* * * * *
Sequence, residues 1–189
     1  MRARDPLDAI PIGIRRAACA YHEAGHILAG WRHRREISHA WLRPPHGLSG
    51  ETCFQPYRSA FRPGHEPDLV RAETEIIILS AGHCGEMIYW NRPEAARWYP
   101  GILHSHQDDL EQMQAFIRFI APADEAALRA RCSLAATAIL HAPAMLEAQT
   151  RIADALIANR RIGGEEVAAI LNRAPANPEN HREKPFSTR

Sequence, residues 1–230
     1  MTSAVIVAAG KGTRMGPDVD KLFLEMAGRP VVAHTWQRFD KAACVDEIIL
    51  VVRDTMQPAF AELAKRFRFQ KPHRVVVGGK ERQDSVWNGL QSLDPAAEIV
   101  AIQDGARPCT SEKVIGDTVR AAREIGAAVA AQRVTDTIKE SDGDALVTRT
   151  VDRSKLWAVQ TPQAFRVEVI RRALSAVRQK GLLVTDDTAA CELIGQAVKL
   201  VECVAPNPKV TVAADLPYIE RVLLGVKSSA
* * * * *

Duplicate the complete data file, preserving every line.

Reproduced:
Sequence, residues 1–189
     1  MRARDPLDAI PIGIRRAACA YHEAGHILAG WRHRREISHA WLRPPHGLSG
    51  ETCFQPYRSA FRPGHEPDLV RAETEIIILS AGHCGEMIYW NRPEAARWYP
   101  GILHSHQDDL EQMQAFIRFI APADEAALRA RCSLAATAIL HAPAMLEAQT
   151  RIADALIANR RIGGEEVAAI LNRAPANPEN HREKPFSTR

Sequence, residues 1–230
     1  MTSAVIVAAG KGTRMGPDVD KLFLEMAGRP VVAHTWQRFD KAACVDEIIL
    51  VVRDTMQPAF AELAKRFRFQ KPHRVVVGGK ERQDSVWNGL QSLDPAAEIV
   101  AIQDGARPCT SEKVIGDTVR AAREIGAAVA AQRVTDTIKE SDGDALVTRT
   151  VDRSKLWAVQ TPQAFRVEVI RRALSAVRQK GLLVTDDTAA CELIGQAVKL
   201  VECVAPNPKV TVAADLPYIE RVLLGVKSSA